COURBEVOIE, France (Reuters) - L’Oreal heiress Liliane Bettencourt’s daughter won control over her 88-year-old mother’s business affairs Monday almost two years after she first asked to take over on the grounds her mother had been exploited.
The decision was made on the basis of a medical examination, carried out following a surprise visit to the elderly billionaire’s home in June, which concluded she was suffering from a form of dementia.
Liliane Bettencourt’s wealth and income, including her 30 percent stake in global cosmetics company L’Oreal — will now be managed by her daughter Francoise Meyers-Bettencourt and her children. Jean-Victor Meyers, Bettencourt’s grandson, will be responsible for her health and physical well-being.
“It is a decision that is deeply disappointing that I will find hard to inform Mrs Bettencourt about,” the heiress’s lawyer said, adding he planned to lodge an appeal.
The Bettencourt affair ballooned into a political scandal after allegations that then budget minister and former party treasurer Eric Woerth obtained illegal financing for the ruling UMP party from the heiress.
Woerth left the government at the end of last year after months of fending off accusations of influence peddling. He strongly denied any wrong doing.
The scandal resurfaced Monday when the head of France’s intelligence services, Bernard Squarcini, was placed under investigation for allegedly tapping the phones of a Le Monde journalist who wrote an article in 2010 questioning Woerth and his involvement in the Bettencourt affair.
French President Nicolas Sarkozy’s office in late August denied allegations published in a national newspaper he was handed cash by Bettencourt for his 2007 election campaign.
Sarkozy, whose popularity is mired near record lows, faces an uphill battle for re-election in April.
With a fortune estimated at 17 billion euros ($23.6 billion), Liliane Bettencourt is the wealthiest woman in France and the 15th richest person in the world, according to the Forbes rich list.
Francoise Meyers-Bettencourt and her children welcomed Monday’s ruling, saying they had always acted to protect Bettencourt’s interests and were “immensely relieved” the court had finally agreed to their demands.
They also said the family holding company Tethys would continue to manage the family’s voting rights in L’Oreal. Separately, Swiss food group Nestle said the court decision would in no way affect a shareholder agreement between the two groups.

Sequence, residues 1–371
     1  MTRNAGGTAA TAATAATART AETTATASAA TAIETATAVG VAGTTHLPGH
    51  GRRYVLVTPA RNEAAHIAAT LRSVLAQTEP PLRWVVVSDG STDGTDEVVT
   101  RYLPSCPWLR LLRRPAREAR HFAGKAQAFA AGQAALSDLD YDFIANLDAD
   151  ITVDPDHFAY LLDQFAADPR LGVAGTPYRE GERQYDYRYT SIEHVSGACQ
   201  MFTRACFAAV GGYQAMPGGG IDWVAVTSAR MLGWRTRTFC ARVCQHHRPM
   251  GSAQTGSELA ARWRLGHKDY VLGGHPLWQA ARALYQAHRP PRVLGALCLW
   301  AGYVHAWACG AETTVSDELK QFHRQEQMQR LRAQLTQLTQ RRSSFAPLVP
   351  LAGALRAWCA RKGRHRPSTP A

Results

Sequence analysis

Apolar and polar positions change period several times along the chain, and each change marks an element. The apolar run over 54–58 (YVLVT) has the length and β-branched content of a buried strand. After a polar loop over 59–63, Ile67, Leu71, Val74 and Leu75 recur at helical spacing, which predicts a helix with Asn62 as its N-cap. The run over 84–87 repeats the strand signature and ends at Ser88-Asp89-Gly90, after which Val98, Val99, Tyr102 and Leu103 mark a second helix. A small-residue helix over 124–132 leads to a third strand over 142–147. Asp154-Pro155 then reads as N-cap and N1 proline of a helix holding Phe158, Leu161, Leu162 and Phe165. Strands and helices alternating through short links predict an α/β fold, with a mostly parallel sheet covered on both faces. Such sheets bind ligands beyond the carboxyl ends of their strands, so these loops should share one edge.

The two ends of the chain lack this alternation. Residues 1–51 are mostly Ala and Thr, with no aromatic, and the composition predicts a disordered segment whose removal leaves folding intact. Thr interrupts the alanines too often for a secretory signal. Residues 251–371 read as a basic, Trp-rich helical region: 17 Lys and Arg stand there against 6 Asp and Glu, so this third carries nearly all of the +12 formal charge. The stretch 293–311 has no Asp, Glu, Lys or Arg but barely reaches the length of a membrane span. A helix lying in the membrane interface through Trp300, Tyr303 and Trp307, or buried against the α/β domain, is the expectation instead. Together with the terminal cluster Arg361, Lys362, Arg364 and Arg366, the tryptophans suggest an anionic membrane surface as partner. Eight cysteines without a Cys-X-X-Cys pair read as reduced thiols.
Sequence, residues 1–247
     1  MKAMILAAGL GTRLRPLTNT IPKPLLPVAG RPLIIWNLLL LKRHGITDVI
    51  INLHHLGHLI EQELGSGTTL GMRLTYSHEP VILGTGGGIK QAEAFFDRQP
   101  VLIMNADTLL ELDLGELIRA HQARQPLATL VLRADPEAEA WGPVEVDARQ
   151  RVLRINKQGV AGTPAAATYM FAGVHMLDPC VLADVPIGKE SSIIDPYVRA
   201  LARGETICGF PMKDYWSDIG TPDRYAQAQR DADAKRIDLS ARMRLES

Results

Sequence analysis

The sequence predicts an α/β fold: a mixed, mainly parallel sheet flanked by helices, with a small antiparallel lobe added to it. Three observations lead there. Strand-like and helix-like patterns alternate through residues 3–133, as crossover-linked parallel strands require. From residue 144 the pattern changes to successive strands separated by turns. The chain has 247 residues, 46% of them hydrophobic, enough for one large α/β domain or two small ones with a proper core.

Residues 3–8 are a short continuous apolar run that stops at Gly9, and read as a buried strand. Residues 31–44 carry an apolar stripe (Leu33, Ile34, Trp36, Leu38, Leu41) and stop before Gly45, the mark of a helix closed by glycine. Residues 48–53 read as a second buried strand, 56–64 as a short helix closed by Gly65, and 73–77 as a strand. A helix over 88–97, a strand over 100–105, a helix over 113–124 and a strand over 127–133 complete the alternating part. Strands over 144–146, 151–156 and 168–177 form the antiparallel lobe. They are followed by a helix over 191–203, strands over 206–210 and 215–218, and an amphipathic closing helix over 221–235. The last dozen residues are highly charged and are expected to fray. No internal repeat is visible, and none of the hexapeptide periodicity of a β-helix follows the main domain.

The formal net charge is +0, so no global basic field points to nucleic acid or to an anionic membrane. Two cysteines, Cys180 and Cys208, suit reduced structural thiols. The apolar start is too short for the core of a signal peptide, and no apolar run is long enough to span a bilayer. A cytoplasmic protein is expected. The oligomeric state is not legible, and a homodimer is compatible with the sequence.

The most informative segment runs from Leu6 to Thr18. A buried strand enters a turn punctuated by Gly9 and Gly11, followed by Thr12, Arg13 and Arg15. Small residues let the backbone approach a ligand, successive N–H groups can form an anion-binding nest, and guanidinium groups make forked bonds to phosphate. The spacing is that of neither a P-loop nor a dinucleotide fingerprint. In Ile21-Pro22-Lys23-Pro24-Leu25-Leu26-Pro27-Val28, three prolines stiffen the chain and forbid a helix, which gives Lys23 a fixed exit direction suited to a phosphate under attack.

Nestle, which owns 31 percent of L’Oreal, struck a deal with the Bettencourts in 2004, giving each party first refusal for their L’Oreal shares for 10 years.
Moreover, neither party can increase its L’Oreal stake during Liliane Bettencourt’s lifetime and for six months after her death, a spokesperson for Nestle said in a statement.
In December, Bettencourt declared a truce with her daughter after Meyers-Bettencourt withdrew her request to have her mother placed under the supervision of a guardian, and the two made a show of unity.
However, the spat reignited over the summer when Bettencourt said her daughter needed to seek psychological help. Doctors had advised appointing a guardian in June, but that request was dismissed on a technicality after an appeals court said the request was invalid.
Le Monde said Monday the medical examination in June found Bettencourt was unable to answer various test questions, adding that she was suffering from anosognosia, a condition where a person is unaware of his or her disability.
In an interview in Journal du Dimanche Sunday, the wealthy heiress showed fighting spirit, threatening to leave the country if she were placed under guardianship.
The Bettencourt affair initially centred on Francois-Marie Banier, a celebrity photographer whom Meyers-Bettencourt accused of swindling her mother to the tune of up to a billion euros.
Although charges against Banier have been dropped, investigations are still ongoing into the illegal funding claims.
Writing by John Irish, Vicky Buffery and Alexandria Sage; Editing by Daniel Flynn and Maria Golovnina